5. Reading this made me reflect not on any heated discussion of literature (I have always been the quiet one, afraid to speak my mind for fear of being wrong) but on identifying when I lost my passion for writing and sharing my ideas. I can remember vividly in middle school writing stories on my own time, bringing them in to share with my teacher and revising them again and again. One of my favorite unassigned pieces was a description of how I imagined Wild Bill Hickok at the moment he was killed, a full house in his hands. I have no memory of creative writing in high school, just reading novels and writing essays. Even in college when declaring my second major to be English it wasn’t due to my passion for literature or writing–I was afraid of Calculus but felt I could read and write in the ‘advanced’ classes in high school so why not English? I wonder when my passion for writing fizzled out, or why I never felt strongly enough about a book to speak my mind even if I was “wrong”. It’s too bad I didn’t have a Mr. Krauss to keep me writing all these years!

  6. I was never one to write inside of books as I always liked to keep my thoughts bouncing around inside of my head. On the other hand, I was never afraid to say what I thought even if that meant the occasional eye roll, sigh, or here we go again from fellow classmates and or teachers. What I do recall was my senior year of high school the teacher I had who changed reading and writing for me. This teacher was notoriously hard and proved to be just that. We had to go the entire year without using linking verbs in our writing and although at times I wanted to rip my hair our and toss my computer across the room, I stayed strong and only improved as a writer. She also taught me that ideas are exactly that ideas and that if you have one about a piece of writing or reading then who is anyone else to shut you down on it. At the greatest an idea can evolve into a discussion in the classroom and at the very least it gives everyone a different viewpoint on a reading or idea. I suppose the point of all this is that speaking up is important because how else are we supposed to pick out the best possible solutions if they are all hidden away inside the brains of our students.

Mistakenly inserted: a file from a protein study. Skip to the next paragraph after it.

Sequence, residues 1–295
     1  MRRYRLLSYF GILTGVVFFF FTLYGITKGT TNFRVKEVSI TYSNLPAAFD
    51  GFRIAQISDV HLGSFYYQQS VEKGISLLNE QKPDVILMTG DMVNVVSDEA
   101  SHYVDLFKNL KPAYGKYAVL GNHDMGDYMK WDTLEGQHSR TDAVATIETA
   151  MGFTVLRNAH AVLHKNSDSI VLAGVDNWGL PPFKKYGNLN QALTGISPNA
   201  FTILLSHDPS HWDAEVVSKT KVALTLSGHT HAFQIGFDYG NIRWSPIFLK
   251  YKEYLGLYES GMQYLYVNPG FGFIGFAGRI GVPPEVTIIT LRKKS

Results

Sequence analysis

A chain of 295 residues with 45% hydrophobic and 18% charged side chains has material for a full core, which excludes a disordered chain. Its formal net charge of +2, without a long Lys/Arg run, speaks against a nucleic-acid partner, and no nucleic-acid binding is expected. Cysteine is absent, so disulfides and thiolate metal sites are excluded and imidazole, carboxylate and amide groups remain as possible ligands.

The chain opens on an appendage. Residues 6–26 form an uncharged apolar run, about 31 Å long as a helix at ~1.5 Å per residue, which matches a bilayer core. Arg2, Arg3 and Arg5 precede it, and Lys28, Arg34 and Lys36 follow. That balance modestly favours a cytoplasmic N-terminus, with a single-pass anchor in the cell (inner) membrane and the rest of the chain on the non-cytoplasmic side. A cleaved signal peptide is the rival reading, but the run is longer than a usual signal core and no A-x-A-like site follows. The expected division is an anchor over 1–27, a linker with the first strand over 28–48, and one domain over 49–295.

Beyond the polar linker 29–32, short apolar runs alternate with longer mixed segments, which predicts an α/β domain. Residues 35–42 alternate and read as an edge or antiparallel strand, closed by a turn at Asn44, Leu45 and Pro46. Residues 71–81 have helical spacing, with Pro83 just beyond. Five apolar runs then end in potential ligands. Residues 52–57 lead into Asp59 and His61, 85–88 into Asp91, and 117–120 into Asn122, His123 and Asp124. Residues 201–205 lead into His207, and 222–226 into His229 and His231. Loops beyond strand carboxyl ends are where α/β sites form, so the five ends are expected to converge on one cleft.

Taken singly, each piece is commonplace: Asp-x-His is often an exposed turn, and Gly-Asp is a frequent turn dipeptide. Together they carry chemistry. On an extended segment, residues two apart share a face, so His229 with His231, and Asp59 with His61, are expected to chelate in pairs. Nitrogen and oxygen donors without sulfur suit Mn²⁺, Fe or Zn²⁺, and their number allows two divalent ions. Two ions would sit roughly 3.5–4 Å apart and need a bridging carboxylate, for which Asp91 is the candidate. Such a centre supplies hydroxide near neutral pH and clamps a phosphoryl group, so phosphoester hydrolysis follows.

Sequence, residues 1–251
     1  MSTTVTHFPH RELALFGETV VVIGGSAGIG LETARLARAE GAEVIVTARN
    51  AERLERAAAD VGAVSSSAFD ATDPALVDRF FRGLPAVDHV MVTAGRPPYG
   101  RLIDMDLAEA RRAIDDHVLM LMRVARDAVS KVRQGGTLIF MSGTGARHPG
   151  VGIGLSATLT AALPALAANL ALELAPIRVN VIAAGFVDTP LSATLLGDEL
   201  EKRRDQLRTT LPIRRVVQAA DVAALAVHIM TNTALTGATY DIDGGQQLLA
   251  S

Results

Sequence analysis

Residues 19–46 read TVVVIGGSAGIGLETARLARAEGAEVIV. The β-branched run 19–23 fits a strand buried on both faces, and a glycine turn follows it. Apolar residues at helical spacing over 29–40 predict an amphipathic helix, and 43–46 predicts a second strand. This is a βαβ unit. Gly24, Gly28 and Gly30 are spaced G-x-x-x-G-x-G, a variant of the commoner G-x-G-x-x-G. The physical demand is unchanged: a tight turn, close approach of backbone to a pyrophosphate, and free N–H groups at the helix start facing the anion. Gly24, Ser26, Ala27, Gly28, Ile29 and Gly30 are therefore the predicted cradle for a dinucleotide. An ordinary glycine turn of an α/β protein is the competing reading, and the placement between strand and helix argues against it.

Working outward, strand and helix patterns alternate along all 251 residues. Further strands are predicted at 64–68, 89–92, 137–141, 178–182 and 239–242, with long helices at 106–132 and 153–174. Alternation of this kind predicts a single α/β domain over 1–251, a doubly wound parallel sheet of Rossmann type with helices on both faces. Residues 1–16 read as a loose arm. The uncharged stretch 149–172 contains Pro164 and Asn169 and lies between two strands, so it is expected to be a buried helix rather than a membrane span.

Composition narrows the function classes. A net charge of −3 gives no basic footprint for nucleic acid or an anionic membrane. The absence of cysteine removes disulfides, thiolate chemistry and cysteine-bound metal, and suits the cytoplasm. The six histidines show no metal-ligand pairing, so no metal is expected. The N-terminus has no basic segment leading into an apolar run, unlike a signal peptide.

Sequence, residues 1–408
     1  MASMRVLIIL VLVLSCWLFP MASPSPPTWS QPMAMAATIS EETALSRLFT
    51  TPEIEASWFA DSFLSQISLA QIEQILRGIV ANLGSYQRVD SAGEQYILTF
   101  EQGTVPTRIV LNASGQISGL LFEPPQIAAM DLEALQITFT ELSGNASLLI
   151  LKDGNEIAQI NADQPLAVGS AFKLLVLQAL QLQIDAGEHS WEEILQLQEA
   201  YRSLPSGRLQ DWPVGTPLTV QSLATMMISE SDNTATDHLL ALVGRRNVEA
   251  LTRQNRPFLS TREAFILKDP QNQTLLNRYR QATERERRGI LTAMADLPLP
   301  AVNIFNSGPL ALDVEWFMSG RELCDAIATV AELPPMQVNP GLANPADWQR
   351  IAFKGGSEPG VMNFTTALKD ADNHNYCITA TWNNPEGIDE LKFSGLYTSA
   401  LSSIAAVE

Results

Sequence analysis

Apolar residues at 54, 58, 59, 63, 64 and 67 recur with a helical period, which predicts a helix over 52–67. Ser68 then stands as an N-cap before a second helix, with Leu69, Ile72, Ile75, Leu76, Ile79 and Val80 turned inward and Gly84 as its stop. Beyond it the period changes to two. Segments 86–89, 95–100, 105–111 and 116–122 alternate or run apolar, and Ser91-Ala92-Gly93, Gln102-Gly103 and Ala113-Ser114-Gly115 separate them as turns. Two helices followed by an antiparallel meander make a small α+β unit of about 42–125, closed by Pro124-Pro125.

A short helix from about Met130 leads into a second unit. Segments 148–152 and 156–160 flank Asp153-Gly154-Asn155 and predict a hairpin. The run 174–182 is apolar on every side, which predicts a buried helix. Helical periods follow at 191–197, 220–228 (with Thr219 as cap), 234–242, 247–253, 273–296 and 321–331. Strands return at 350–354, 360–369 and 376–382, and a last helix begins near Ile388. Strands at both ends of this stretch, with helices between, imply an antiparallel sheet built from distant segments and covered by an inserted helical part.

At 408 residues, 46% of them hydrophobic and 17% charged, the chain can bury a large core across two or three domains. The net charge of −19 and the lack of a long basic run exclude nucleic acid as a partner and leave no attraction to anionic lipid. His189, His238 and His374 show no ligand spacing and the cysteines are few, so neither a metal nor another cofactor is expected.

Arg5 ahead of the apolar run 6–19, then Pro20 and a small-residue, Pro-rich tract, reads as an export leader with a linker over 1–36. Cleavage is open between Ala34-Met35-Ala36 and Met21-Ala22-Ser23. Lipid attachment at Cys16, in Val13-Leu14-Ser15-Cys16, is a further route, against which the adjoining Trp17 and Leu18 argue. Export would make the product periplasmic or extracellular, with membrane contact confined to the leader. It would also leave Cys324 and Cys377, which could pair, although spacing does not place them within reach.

7. Tomasen,

    I feel that, although the whole piece was well-written, a couple select quotes did an exemplary job in portraying the importance of reading and writing in a student’s life (not just their ACADEMIC life). The characterization of your initial “Lord of the Flies” (won’t let me underline here, i know quotation marks aren’t correct) reading as a “sharp moments in time that changed [your] thinking and the way that [you] saw myself forever” has an intensely cathartic feel to it. Such a statement, a non-reader might think, is too powerful to be attached to a mere book. However, it is clear that it was not as much the book as the subsequent outburst and teacher conference which fundamentally changed you. Still, it is irrefutable that such a moment would not have occurred if you were not brought to such an emotional high due to the contents of a book.

    My other takeaway quote from this reading is your recollection of feeling “grown up in a way that made [you] feel smart” while covering “Lord of the Flies.” Being that you were a sophomore in high-school during the time of your reading, you were clearly on the verge of becoming an adult and must have been in a prime position to start to shape your larger view of life. The fact that this book gave you confidence is powerful and, evidently, made you into a much more certain, confident person, in and out of the classroom.

  8. Tomasen,

    We’ve talked a lot this week about my “uncomfortableness” with writing outside the genre of academic writing. This post got me thinking about it even more… When did I become such a narrow writer? And when did I loose the confidence to share my work? For me, the two questions are so different, but there is a definite link to them. It’s become so that I practically only feel comfortable sharing my work with the teacher/professor. How do I overcome that? (Easy question, by conferencing about my work more and sharing it too). These two weeks have helped me begin that transition. It’s a slow process. I believe next year will help a lot too – I have to practice my own writing (and in front of students – Yikes!) If I want to “write beside them,” like Penny Kittle does with her students.

    Like Caryl, I was always afraid to speak my mind in class as well – and for one additional reason. I was (and still am) always afraid that any comment I made would be insignificant. I wish I could be more like Garrett, but I still find myself listening to people chatter around me rather than join in on the conversation myself. How do I help students, like myself, get over that thought and realize that virtually any contribution is a good contribution?

    Thanks for sparking some questions for me…
    Lexe